Sunday, September 18, 2011
For Kurt Sanderling (1912-2011)
(Shostakovich's 10th Symphony)
He was the last remnant of the generations of conductors for whom classical music was music itself. He was a Jew who survived Hitler and a German who survived Stalin. He was Shostakovich's closest friend among conductors and offered a warmer interpretation of Shostakovich's music than the chilly shocks of Mravinsky.
(Rachmaninov's 1st Symphony with the Leningrad Philharmonic. Dunno why it's accompanying this video...)
From the time he was thirty years old, he was the co-conductor of the Leningrad Philharmonic with Yevgeny Mravinsky. The arrangement lasted for eighteen years, until the Soviets ordered him to East Berlin to lead the Berlin Symphony - designed to be the Communist answer to the Berlin Philharmonic. Sanderling was much beloved wherever he lead orchestras and was named conductor emeritus of both the Madrid Symphony Orchestra and the Philharmonia Orchestra of London.
(The Berlin Symphony led by Sanderling. Playing the opening of Sibelius's 4th Symphony)
When he was 90 years old, Sanderling shocked the world by doing something hardly any other conductor had ever done: he retired. Not that he needed to, Sanderling was still doing fabulous work. But it was particularly shocking because Kurt Sanderling was the last giant in a generation of conductors that had all too many giants. But perhaps all people needed to understand his decision was there in his music-making.
(The Final movement of Mahler's 10th - beginning. Sanderling was perhaps the most important early champion of this unfinished work.)
He did not conduct with the outsize interpretive personality of a Bernstein or Celibidache. Sanderling's music-making was every bit as personally involved as theirs, but he never seemed to impose it. If you could tell that a performance was Sanderling's, it was because of their complete faith in patience. The tempos were always relaxed, the sound was always warm, yet you still found yourself utterly absorbed by the drama.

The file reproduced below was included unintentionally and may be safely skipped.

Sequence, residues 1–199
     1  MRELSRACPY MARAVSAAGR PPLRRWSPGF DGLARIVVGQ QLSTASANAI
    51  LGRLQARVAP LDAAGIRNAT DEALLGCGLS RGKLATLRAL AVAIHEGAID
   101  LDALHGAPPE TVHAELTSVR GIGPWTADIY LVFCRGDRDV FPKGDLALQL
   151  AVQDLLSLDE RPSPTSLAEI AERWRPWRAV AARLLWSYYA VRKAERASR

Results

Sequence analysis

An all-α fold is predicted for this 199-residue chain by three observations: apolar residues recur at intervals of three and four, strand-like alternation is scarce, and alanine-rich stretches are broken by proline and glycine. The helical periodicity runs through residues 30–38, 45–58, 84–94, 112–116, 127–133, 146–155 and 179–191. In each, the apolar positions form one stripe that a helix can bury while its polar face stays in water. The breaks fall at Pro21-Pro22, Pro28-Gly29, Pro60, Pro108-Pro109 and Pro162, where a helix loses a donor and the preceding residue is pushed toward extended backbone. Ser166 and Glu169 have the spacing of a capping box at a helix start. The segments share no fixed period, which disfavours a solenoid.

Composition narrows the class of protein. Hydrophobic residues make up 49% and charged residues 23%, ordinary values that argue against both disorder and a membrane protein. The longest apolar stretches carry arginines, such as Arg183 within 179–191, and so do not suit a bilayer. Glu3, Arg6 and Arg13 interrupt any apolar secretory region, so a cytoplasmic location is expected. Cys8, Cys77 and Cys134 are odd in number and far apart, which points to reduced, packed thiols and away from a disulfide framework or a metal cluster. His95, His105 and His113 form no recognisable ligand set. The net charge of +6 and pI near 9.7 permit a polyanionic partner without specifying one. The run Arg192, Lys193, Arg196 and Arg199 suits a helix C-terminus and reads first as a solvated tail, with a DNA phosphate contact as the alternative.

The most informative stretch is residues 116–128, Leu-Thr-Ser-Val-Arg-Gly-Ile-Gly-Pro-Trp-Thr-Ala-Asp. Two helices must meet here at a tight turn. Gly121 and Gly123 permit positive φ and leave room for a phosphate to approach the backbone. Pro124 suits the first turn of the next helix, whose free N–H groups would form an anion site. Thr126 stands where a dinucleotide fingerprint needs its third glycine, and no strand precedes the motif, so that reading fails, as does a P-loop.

(Slow Beethoven with Klemperer's Philharmonia...)
Like his hero, Otto Klemperer, Sanderling was in no hurry. He had an emphatically 19th century view of structure, giving huge works by Bruckner, Mahler and Shostakovich all the time they needed and more to unfurl and absorbing the listener totally. What might seem boring at minute 5 seems utterly mesmerizing by minute 50.
(Der Abschied from Mahler's Das Lied von der Erde)
There are some musicians who simply view music in grand terms, taking the grandest, most weighty possible approach even when it's not completely warranted. Sanderling was a musician who leant himself well to music on a gigantic scale. For composers who aimed for the epic scale like Bruckner, Mahler and Shostakovich, it was a perfect approach (what might a Sanderling Ring Cycle have sounded like?). For composers like Beethoven, Brahms and Sibelius, whose tendencies leaned toward something slightly more intimate, Sanderling blew them up to his grand scale. It wasn't always right, but it was always interesting.
(Just in case people thought Sanderling was all darkness and ultraseverity...)